Yesterday was a rain-free day here in Rio Rancho and Socorro. The day remained pleasant. The evening was chilly, and I was certainly glad that I had brought my flannel shirt.
I also did a severe thunderstorms prediction yesterday- the tornado threat did not materialize, though there were a number of hail and wind reports across the central Great Plains.
In Socorro this morning, the weather has been still, quite chilly and clear.
The National Weather Service (NWS) in Albuquerque forecasts a sunny day today, with a high temperature of 80 F. The winds will be from the north at 5-10 mph, becoming southerly at 10-15 mph by the afternoon. This evening will be mostly clear, with a low temperature of 50 F. Winds will be from the south at 5-15 mph, shifting to the north after midnight. The NWS has issued a Hazardous Weather Outlook for freezing temperatures in northern part of the state, including the Estancia Valley, Chama River Valley and far northeast highlands.
The visible satellite imagery is unavailable at this time.
The enhanced infrared satellite imagery show no thick clouds over the state this morning. This image has been excluded from today’s post.
The water vapor imagery shows that the air above New Mexico is uniformly dry.
The 12Z upper air sounding from Albuquerque shows a much drier sounding than we’ve seen in several days. There was 0.27 inches of precipitable water present in the column. There was no Convective Available Potential Energy (CAPE) and no Convective Inhibition (CINH) present this morning. There was a strong thermal inversion, and the 0-3 km average lapse rate was 4.7 C/km.
The deep-layer shear was 63 kts, and the low-level shear was 14 kts. Shear at all but the lowest levels was due to speed changes.
The surface observations (from the SPC Mesoscale Analysis Map) show light winds, cool temperatures, low dewpoints, and clear skies over the state this morning. There are no major frontal boundaries over the state so far this morning.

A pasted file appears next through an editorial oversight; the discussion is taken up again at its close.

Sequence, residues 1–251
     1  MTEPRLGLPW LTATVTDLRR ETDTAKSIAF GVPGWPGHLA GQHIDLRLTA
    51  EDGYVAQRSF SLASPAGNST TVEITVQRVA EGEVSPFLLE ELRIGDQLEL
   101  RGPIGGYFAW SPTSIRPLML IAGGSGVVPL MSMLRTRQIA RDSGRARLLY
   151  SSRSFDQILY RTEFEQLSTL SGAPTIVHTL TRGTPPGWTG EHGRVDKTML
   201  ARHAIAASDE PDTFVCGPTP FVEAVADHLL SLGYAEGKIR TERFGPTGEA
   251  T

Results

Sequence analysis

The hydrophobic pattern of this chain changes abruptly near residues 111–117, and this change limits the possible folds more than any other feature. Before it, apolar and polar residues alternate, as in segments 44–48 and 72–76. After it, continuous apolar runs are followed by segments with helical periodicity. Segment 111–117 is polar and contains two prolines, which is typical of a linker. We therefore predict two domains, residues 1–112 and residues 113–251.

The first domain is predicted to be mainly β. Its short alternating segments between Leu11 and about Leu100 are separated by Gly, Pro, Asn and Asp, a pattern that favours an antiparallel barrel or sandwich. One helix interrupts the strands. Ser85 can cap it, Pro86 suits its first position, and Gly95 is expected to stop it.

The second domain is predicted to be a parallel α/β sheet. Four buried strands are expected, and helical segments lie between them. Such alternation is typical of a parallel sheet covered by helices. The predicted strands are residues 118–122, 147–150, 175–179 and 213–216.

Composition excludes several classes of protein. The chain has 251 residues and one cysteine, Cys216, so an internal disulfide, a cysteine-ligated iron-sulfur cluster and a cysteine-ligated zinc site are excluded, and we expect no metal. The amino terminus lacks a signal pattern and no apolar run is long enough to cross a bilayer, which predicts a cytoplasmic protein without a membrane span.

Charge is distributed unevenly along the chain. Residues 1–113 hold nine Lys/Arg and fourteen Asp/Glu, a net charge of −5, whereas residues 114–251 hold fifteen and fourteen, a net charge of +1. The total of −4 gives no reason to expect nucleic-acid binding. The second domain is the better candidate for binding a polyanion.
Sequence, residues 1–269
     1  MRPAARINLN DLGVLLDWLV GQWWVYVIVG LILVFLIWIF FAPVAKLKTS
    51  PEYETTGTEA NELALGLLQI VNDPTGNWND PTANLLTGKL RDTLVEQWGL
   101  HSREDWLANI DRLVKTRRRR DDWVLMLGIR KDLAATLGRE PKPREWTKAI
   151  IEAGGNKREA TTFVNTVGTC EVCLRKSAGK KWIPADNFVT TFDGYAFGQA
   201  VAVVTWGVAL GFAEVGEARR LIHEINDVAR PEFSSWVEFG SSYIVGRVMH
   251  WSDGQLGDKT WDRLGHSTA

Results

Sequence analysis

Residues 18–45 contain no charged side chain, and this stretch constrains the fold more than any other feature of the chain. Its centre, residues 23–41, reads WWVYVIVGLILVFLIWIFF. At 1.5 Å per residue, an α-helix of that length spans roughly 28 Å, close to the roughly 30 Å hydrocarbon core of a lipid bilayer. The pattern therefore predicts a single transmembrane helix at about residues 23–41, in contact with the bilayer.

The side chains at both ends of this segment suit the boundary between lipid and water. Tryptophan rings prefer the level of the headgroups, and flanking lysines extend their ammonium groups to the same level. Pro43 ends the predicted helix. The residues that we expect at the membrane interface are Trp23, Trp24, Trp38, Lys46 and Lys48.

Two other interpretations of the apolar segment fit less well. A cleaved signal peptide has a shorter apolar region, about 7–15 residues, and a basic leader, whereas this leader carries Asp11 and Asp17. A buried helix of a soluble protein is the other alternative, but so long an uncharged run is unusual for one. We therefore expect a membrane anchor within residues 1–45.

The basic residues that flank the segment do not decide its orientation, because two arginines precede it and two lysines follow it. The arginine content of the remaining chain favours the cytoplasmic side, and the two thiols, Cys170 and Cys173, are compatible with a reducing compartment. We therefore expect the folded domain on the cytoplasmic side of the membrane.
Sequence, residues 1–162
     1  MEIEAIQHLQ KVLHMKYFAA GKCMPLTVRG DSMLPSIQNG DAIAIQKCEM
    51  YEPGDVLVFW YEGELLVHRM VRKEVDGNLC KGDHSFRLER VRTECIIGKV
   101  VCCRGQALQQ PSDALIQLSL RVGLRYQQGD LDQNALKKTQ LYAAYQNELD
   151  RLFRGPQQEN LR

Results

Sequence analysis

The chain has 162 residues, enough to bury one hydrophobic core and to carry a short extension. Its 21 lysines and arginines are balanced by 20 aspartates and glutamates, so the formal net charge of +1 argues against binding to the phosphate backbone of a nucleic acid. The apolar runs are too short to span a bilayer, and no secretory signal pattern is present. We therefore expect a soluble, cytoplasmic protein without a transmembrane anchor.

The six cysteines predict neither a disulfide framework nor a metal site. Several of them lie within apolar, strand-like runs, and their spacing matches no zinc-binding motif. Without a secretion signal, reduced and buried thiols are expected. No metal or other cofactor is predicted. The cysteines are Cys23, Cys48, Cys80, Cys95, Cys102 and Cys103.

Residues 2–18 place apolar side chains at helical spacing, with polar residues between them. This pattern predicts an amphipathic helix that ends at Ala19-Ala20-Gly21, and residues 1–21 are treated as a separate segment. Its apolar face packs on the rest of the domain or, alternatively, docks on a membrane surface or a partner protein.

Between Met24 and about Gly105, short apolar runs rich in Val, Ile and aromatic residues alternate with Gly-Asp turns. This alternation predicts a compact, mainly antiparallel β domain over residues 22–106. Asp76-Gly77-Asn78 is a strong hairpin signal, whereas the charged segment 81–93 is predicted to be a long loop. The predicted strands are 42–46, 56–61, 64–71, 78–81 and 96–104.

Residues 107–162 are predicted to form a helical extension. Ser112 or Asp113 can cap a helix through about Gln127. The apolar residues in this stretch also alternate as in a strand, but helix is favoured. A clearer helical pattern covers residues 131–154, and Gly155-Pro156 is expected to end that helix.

The surface pressure map shows no strong pressure gradients over the state so far this morning. The RAP shows that none are expected to develop over the next six hours. The NWS has the wind speeds increasing later this afternoon, so perhaps this changes outside of the next six hours.
Synoptically speaking, the 300 mb NAM chart (from Unisys) shows moderate zonal flow today. An elongated jetstreak will pass through the northern part of the state through this afternoon.
The 500 mb NAM chart shows no significant vorticity advection over the state today. This chart has been excluded from today’s post.
The 700 mb NAM chart shows no rapidly rising air over the state today. This chart has been excluded from today’s post.
The 850 mb NAM chart shows no strong thermal advection over the state today. This chart has been excluded from today’s post.
The Precipitation chart shows very little rain is possible today. This chart has been excluded from today’s post.
Cool and clear weather will persist for several days as the trough passes to our north. Most of today’s post was a copy from yesterday, and tomorrow’s will be a similar copy of today’s. We will start to have chances of precipitation again on Friday, so stay tuned.
Thank you for reading my forecast.
The upper air soundings and mesoscale analysis plots are from the Storm Prediction Center website.
The forecasted upper air soundings are from TwisterData.com.
The surface observation and upper level charts are from Unisys Weather.
The satellite data is from NASA – MSFC